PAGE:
Send to

Choose Destination
See comment in PubMed Commons below
Brain Res Bull. 1990 Mar;24(3):401-27.

Ultrastructure of synapses and golgi analysis of neurons in neocortex of the lateral gyrus (visual cortex) of the dolphin and pilot whale.

Author information

City University of New York Medical School, Department of Cell Biology and Anatomical Sciences, NY 10031.

Erratum in

  • Brain Res Bull 1990 Apr;24(4):639-40.


Qualitative and computerized quantitative analyses of ultrastructural features of synapses in different layers of the primary visual cortex in the dolphin (Stenella coeruleoalba) and the pilot whale (Globicephala melaena) were carried out. Also, Golgi and cytoarchitectonic analyses were performed in the same species of cetaceans and, additionally, in Tursiops truncatus and Phocaena phocaena. It was found that on a synaptic level, as well as in cytoarchitectonic and Golgi features, the neocortex of cetaceans combines evolutionary progressive features and conservative features with a marked prevalence of the latter. Thus, the total number of synapses in visual neocortex in cetaceans is closer to this value in higher Primates. On the other hand, the laminar density of synapses per mm3 is generally the same in all layers in cetacean visual cortex and numerically is close to values found in small lissencephalic brains. Also, the synapse/neuron ratio in the dolphin visual cortex is of the same order as in cortices of rodents and lagomorphs and much higher than in cortices of advanced terrestrial mammals. Layers I and II contain approximately 70% of the total synapses in the cortical slab through visual cortex. Layer I also contains the extraverted dendrites of neurons of layer II and thus these two layers resemble a paleoarchicortical type of organization superimposed on a more typical neocortical organization of the lower cortical layers. In this respect the convexity neocortex of cetaceans is generally similar to the neocortices of phylogenetically ancient extant mammals such as basal Insectivora and Chiroptera.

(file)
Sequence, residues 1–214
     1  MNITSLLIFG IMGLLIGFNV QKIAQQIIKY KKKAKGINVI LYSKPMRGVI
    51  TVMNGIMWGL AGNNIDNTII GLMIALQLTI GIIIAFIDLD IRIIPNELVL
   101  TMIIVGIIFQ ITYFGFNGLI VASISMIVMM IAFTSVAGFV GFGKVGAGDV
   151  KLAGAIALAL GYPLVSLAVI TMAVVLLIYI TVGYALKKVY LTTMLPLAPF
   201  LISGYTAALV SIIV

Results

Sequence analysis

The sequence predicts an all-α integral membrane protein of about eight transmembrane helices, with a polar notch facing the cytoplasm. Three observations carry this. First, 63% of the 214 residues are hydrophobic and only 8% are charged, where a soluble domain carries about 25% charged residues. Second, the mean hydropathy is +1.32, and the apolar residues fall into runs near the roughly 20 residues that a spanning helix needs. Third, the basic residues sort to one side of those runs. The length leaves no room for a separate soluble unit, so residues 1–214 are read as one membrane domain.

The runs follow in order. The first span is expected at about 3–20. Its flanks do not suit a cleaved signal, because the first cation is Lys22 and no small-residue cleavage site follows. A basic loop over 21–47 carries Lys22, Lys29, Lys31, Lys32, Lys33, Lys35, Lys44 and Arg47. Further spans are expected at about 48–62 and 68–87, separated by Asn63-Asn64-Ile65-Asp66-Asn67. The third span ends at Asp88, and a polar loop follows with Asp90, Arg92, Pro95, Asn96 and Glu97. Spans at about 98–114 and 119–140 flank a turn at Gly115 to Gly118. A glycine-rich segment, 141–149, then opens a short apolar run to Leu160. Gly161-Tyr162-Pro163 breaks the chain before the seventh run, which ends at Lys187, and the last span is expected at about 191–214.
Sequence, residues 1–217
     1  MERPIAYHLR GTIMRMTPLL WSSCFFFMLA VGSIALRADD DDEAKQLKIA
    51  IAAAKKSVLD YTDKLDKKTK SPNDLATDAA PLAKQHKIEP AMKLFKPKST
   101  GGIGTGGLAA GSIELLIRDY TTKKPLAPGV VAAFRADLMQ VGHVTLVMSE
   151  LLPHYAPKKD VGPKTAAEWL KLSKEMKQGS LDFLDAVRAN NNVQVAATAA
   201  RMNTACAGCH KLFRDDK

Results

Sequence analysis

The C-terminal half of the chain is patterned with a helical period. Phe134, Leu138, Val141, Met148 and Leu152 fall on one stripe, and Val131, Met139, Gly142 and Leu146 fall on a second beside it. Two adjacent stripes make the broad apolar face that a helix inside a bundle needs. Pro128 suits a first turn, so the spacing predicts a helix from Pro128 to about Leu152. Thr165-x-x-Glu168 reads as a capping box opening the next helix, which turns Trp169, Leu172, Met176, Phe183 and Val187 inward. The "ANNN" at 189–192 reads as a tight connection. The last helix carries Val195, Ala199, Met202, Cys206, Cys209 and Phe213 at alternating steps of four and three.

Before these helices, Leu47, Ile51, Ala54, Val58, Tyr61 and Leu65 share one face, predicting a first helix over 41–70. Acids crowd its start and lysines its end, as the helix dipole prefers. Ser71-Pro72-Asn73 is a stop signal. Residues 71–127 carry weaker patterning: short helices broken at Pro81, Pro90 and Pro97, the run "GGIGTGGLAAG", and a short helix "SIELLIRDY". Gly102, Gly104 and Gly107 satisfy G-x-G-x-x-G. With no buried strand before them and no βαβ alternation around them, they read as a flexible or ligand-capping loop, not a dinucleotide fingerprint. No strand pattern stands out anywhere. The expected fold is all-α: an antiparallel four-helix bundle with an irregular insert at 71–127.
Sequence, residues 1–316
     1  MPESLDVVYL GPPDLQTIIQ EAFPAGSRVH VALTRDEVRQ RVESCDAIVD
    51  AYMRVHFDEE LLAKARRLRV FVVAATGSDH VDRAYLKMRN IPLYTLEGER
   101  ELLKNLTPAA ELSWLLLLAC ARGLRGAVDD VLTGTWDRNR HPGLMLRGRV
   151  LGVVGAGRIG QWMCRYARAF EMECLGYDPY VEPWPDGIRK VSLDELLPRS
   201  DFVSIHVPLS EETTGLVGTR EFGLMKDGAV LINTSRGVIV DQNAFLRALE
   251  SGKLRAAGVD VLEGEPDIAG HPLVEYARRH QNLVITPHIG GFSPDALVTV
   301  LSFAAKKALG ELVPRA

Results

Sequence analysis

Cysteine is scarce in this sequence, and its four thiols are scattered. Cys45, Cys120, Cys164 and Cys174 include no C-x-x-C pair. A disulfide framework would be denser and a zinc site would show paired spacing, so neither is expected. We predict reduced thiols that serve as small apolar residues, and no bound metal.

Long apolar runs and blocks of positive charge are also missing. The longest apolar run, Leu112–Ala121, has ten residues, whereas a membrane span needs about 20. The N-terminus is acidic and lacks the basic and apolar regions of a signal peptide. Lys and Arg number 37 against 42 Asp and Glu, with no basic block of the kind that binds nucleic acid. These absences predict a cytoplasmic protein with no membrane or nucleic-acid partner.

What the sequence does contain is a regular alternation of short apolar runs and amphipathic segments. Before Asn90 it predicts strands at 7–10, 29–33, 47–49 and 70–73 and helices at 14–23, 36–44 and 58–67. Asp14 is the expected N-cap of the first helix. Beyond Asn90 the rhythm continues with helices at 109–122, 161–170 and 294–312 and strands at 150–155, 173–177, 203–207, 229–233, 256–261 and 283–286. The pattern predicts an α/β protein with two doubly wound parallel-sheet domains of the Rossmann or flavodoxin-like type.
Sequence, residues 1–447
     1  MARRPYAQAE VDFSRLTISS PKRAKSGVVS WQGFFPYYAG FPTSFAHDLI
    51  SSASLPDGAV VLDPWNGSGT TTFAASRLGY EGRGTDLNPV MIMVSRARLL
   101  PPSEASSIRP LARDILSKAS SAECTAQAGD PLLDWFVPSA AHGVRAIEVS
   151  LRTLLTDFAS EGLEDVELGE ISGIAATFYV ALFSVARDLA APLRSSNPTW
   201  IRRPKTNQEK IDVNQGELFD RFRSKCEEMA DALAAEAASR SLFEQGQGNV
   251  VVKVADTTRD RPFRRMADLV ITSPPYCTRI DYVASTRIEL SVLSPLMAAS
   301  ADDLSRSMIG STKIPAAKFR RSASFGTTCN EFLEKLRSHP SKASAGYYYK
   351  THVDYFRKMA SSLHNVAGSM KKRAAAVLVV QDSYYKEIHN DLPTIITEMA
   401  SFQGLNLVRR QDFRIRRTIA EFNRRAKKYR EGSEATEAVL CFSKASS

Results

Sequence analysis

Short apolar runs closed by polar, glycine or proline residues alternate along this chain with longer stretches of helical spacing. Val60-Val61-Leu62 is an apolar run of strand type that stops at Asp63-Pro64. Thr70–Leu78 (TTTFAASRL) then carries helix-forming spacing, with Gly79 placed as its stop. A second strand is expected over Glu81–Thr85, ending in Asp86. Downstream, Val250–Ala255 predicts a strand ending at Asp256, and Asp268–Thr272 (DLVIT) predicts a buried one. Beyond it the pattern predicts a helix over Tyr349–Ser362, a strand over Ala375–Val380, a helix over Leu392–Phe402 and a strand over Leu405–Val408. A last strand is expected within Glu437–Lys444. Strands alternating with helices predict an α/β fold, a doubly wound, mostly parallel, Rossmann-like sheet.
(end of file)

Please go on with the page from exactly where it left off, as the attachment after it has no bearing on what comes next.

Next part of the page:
[Indexed for MEDLINE]
PubMed Commons home

PubMed Commons

How to join PubMed Commons

    Supplemental Content

    Full text links

    Icon for Elsevier Science
    Loading ...
    Support Center